Healthy Living

How Our Sleep Needs Change With Aging

Jan 22 2024

The following piece was written by Sreenivasa Chanamolu, MD, a provider at Mercy Health – St. Rita’s Sleep Center.

A good night’s sleep is as important to your health as regular exercise and nutritious food. While you sleep, your body and mind rest and repair themselves. But did you know that our sleep needs change with aging? Join me as I dive into the ins and outs of your sleep needs as you age.

Sleep patterns by age

The amount of sleep you need every day changes throughout your life. You can see in the list below the recommended hours of sleep for different age groups.

  • 0 to 3 months: 14 to 17 hours
  • 4 to 12 months: 12 to 15 hours
  • 1 to 2 years: 11 to 14 hours
  • 3 to 5 years: 10 to 13 hours
  • 6 to 12 years: 9 to 11 hours
  • 13 to 18 years: 8 to 10 hours
  • 18 to 65 years: 7 to 9 hours
  • 65 years and older: 7 to 8 hours

Of course, these numbers are general recommendations. While younger adults and older people might need the amount of sleep in general, the actual amount of sleep you need depends on several factors, including the quality of your sleep and your daily activities.

Why do your sleep needs change with aging?

As you get older, you may notice changes in the way you sleep. For example, you may feel tired earlier in the evening or wake up earlier in the morning. You may discover that you need naps during the day or that you regularly wake up in the middle of the night.

All of these changes happen because of a shift in your body’s internal clock. This part of your brain that controls your body’s circadian rhythms ages along with the rest of your body.

Many older adults do not spend enough time in daylight to regulate their circadian rhythms. Their bodies also tend to produce less melatonin, a hormone that helps the body regulate circadian rhythms and promote sleep. Additionally, some adults have health conditions or take medication with side effects that cause sleep problems.

What can you expect as you get older, sleep-wise?

Sleep disturbances in older adults vary from person to person. Some don’t notice any changes in their sleep habits, while others suffer from poor sleep.

The following are common sleep issues:

  • Insomnia: Happens when you have trouble falling asleep or staying asleep and is a common problem for older adults.
  • Napping: Older adults are more likely than young adults to partake in daytime napping. These naps may be a cause or effect of poor nighttime sleep.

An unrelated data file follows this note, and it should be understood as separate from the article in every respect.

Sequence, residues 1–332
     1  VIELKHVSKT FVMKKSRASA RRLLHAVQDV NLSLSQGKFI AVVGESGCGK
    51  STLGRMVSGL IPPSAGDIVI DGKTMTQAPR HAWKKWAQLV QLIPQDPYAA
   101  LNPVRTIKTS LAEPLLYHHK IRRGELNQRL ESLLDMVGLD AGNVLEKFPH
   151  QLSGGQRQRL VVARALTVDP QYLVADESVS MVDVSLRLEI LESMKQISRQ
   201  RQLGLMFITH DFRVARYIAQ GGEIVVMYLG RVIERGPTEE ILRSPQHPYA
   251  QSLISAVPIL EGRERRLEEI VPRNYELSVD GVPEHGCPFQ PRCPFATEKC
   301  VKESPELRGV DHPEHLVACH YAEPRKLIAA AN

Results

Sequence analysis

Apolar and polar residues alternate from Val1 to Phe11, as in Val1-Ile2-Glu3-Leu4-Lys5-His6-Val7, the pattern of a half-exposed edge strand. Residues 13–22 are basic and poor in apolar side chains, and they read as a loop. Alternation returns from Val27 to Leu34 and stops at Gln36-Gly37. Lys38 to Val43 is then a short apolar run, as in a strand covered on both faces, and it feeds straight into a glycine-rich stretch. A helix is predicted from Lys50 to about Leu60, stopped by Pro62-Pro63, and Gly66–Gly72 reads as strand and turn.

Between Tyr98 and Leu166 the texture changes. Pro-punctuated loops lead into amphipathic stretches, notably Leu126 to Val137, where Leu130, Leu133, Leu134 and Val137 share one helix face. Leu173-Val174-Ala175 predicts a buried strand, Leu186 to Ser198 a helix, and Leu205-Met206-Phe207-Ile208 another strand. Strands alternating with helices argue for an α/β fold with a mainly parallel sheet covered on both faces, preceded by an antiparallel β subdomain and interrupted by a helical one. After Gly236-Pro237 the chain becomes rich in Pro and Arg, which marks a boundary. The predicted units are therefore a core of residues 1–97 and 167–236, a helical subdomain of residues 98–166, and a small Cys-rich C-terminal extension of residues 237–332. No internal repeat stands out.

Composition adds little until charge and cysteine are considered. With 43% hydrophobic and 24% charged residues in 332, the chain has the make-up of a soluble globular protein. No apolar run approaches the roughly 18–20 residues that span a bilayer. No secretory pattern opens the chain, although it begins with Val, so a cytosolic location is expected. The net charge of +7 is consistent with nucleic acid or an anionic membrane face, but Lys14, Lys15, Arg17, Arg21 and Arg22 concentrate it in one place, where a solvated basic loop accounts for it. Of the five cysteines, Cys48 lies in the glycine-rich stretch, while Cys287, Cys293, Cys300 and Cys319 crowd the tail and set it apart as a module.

• Nighttime waking: Older people tend to have fewer periods of deep sleep and are more likely to wake during the night.
  • Restless leg syndrome: Around 20 percent of older adults have involuntary limb movements that affect the quality of their sleep.
  • Shifting sleep schedule: It’s common to start going to bed and getting up earlier as you age because of changes in your body’s internal clock.
  • Sleep apnea: People with this disorder stop breathing while they sleep. This leads to decreased oxygen and fragmented sleep.
  • Slower recovery from time changes: Older adults need more time to adjust to time changes, including daylight saving time or jet lag.

It is important to remember that these sleep disturbances aren’t limited to senior citizens. Middle-age sleep problems include many of the items on this list. In fact, stress and changing hormone levels start to affect sleep for people in their 40s and 50s.

How can someone get better sleep at any age?

You can take steps to get better sleep at any age. For many people, all it takes is a few habits, such as taking electronic devices out of the bedroom and sleeping in a dark room set at a comfy temperature. Avoiding large meals, caffeine and alcohol before bed can help, as well as exercising.

Sometimes you may have trouble sleeping even when you follow good sleep habits. If you have trouble falling asleep or staying asleep, you may need more help. The best treatment for insomnia or other sleep disorders in older adults depends on what causes the interrupted sleep.

What are some of the most common sleep treatments available?

  • Cognitive behavioral therapy: This treatment includes identifying anxiety that interferes with sleep, and changing beliefs and attitudes to reduce those anxieties.
  • Medication: Doctors can prescribe meds to help patients fall asleep faster or stay asleep. You also can find over-the-counter sleep aids.
  • Relaxation techniques: Breathing exercises and meditation may reduce insomnia.
  • Sleep education and hygiene: For some people, changing behaviors like setting a sleep schedule or cutting back on alcohol and caffeine can improve sleep quality.
  • Sleep restriction: Cutting back on the amount of time you spend in bed may help reduce insomnia.
  • Stimulus control: Creating a positive relationship with your bedroom and bed may help improve sleep quality. This includes embracing habits like going to sleep only when tired and using the bed only for sleep. Also, getting up at the same time each day.

Thank you for letting me share my thoughts on how sleep needs change with aging. And if you feel like you aren’t getting quality sleep at night, it may be time to get some help from a medical professional.

Learn about the sleep medicine services we provide at Mercy Health.

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